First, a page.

I was dazed and confused and asked him why he asked. Dad had heard me crying in my sleep over the past few nights. He was lost for explanations.  Again, I could not remember the dreams and I certainly did had no idea as to why I would be crying. I promised that indeed  if I had a problem I would come to him immediately.

Not long after these foggy mornings, I found myself changing my routine and arrived home for school much earlier. It was an unusual day and as I stepped over the threshold  I noticed a sink full of dishes and the trail of chaos leading from the kitchen to the living room. Dad had never allowed the dishes to sit in the sink. He had four dishwashers and one of them was going to work if any of the other three were not home or busy. My morning felt emotionally heavy. I had snapped at Dad the night before and I didn’t know why. I was not angry with him and had never been angry at Dad. I dug in and began with washing. Lost in the absence of thought, a place of no where, I was returned by a knocking at the kitchen door. Startled, I turned to peek through the yellow curtains. We lived so far off the path, no one ever came over unannounced, especially when my parents were not home.  My stomach sank and a darkness loomed as I opened the door to two men I recognized as friends of my father.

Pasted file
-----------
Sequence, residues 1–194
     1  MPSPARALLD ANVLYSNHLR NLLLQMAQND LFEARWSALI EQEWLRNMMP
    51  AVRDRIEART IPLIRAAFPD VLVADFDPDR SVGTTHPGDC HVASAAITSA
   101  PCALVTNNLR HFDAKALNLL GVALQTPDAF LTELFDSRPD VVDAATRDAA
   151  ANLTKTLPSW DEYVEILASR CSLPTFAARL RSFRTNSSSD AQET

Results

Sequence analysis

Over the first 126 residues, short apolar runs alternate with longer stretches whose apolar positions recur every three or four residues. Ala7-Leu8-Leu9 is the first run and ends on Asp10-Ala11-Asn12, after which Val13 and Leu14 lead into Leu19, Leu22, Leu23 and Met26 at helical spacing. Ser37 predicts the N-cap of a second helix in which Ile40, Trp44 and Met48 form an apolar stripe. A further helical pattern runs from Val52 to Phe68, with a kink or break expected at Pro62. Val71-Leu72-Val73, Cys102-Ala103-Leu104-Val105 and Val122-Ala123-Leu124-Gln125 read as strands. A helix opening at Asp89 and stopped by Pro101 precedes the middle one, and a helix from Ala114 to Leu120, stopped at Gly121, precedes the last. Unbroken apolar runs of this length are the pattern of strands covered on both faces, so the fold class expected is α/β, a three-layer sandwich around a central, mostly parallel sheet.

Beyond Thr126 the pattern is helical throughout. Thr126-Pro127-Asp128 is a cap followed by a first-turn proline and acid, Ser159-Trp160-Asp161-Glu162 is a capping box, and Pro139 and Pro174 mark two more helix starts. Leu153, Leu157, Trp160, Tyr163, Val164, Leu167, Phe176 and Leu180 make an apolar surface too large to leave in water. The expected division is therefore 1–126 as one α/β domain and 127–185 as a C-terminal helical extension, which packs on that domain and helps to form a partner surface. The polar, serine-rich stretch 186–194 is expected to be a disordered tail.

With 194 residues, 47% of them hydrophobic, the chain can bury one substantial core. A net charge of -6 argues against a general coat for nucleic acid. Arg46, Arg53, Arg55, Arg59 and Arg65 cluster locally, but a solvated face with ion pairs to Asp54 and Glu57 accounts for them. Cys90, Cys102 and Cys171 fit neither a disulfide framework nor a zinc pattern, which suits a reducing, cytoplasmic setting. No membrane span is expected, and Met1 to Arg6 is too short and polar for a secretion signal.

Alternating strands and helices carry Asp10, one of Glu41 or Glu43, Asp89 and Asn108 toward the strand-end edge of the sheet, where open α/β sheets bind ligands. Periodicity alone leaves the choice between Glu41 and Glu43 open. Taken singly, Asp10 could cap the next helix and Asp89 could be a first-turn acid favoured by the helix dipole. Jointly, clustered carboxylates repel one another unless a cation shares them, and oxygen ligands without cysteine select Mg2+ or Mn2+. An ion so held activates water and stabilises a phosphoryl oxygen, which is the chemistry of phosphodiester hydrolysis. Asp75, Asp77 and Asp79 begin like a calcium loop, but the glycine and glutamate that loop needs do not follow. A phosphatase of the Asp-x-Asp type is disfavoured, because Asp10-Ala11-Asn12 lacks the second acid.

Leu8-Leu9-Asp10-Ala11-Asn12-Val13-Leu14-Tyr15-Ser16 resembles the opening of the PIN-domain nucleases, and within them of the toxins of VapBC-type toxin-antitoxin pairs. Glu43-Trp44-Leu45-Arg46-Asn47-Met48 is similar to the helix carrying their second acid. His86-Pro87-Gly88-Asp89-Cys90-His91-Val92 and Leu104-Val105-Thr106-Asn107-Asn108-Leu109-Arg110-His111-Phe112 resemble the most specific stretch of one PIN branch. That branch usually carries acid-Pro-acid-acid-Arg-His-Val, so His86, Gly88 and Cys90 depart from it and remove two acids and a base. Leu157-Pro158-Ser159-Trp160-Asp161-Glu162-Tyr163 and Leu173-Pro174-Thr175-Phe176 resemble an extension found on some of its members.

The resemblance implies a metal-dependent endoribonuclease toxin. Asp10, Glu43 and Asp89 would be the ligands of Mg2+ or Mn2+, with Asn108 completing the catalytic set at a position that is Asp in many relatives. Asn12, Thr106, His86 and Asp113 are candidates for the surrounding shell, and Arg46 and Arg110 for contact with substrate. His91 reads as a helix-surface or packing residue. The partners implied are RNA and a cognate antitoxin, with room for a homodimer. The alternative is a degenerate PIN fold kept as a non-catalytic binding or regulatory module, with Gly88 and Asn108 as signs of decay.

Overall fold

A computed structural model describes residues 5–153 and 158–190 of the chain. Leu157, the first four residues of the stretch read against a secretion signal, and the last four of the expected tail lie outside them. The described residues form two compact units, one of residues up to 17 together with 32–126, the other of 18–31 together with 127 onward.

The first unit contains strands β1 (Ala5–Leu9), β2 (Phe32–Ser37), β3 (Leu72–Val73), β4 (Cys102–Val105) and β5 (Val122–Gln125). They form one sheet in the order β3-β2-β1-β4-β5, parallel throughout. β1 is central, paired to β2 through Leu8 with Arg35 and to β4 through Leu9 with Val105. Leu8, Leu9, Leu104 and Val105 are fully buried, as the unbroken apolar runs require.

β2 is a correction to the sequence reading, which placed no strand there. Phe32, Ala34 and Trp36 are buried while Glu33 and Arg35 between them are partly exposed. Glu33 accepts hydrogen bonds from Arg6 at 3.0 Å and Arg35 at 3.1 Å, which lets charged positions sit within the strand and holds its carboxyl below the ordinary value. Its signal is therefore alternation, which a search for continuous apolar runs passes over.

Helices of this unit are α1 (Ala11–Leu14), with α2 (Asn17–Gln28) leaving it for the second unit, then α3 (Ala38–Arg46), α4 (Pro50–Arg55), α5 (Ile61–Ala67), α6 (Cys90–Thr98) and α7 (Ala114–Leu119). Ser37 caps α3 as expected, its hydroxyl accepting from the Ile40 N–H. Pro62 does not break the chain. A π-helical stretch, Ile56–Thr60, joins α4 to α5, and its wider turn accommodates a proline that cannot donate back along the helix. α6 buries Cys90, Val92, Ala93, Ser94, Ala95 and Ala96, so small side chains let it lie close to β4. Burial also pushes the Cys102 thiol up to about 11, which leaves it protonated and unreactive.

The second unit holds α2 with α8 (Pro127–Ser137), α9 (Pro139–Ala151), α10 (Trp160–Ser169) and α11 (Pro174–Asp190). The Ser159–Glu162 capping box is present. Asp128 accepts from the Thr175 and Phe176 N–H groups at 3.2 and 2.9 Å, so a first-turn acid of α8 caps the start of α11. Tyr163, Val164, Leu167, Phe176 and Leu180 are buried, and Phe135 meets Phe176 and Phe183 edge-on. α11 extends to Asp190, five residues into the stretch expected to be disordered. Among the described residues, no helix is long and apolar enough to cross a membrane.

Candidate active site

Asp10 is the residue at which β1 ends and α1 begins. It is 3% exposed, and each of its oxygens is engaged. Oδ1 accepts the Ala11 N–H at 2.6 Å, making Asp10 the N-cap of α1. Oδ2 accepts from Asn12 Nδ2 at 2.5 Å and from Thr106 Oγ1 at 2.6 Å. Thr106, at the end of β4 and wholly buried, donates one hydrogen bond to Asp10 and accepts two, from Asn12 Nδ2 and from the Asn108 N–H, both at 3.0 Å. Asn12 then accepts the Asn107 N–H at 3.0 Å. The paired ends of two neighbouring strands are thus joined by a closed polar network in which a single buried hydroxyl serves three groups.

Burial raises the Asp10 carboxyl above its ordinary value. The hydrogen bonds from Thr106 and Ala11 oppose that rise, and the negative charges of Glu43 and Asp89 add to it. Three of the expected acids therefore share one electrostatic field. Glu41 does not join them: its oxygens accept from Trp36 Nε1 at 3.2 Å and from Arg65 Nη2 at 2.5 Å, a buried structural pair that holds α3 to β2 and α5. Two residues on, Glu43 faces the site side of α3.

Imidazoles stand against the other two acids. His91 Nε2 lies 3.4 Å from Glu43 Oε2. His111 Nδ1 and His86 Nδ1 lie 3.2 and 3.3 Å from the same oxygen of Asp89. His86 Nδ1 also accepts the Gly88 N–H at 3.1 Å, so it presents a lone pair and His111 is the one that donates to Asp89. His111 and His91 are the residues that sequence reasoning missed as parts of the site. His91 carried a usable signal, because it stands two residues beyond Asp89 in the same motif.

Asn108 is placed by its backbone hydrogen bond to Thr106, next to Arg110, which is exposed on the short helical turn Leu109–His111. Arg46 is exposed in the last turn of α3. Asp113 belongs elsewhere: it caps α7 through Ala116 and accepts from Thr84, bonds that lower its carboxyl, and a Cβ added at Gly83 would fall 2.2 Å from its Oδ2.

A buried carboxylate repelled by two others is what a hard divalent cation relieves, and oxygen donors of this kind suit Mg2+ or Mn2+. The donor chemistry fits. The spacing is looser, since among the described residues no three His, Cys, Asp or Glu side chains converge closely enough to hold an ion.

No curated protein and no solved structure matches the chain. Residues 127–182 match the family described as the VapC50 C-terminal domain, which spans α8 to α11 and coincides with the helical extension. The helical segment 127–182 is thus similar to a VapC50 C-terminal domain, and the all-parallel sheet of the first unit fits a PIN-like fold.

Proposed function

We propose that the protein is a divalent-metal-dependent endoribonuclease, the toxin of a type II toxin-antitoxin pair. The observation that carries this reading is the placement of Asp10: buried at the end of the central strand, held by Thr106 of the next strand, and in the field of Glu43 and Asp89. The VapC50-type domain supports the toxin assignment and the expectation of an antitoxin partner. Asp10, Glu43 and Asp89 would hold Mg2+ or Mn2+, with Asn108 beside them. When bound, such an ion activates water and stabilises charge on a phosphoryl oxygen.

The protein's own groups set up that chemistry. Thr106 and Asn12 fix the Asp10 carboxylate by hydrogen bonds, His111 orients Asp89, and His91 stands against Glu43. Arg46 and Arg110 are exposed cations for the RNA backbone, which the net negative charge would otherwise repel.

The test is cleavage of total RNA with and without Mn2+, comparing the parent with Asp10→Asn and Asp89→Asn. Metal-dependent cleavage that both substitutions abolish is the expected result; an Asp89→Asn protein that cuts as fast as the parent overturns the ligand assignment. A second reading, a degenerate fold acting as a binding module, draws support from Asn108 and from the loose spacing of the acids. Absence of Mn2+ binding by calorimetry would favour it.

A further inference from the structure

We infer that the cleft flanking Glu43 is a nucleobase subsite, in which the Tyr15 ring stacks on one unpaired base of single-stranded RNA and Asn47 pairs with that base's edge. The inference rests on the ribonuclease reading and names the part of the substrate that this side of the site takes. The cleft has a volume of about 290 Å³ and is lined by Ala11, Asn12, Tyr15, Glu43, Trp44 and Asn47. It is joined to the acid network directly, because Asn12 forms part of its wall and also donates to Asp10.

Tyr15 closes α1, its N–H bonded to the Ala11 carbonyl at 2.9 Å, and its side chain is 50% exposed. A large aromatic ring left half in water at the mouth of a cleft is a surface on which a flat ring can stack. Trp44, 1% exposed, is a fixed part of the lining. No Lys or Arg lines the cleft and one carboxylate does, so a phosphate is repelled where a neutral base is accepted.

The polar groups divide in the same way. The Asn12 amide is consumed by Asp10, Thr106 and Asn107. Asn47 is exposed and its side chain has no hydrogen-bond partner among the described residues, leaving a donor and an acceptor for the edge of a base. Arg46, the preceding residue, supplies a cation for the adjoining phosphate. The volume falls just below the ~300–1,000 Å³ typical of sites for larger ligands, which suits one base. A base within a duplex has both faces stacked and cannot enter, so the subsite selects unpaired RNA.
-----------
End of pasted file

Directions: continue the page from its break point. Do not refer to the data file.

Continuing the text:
The two friends also worked with Dad. In my mind I insisted they were here for a good cause. Slowly and with their heads slightly bowed, one of the men  asked when my mom would be home. I wasn’t sure, but she usually arrived before noon; the men replied it was okay, they would wait for her. I offered them a seat and something to drink and I continued my tasks at a much faster rate. I had to keep my mind and hands busy. Mom sauntered in and the men rose to meet her. All I can remember at that moment is the screaming.and watching her fall to her knees and the men trying to catch her.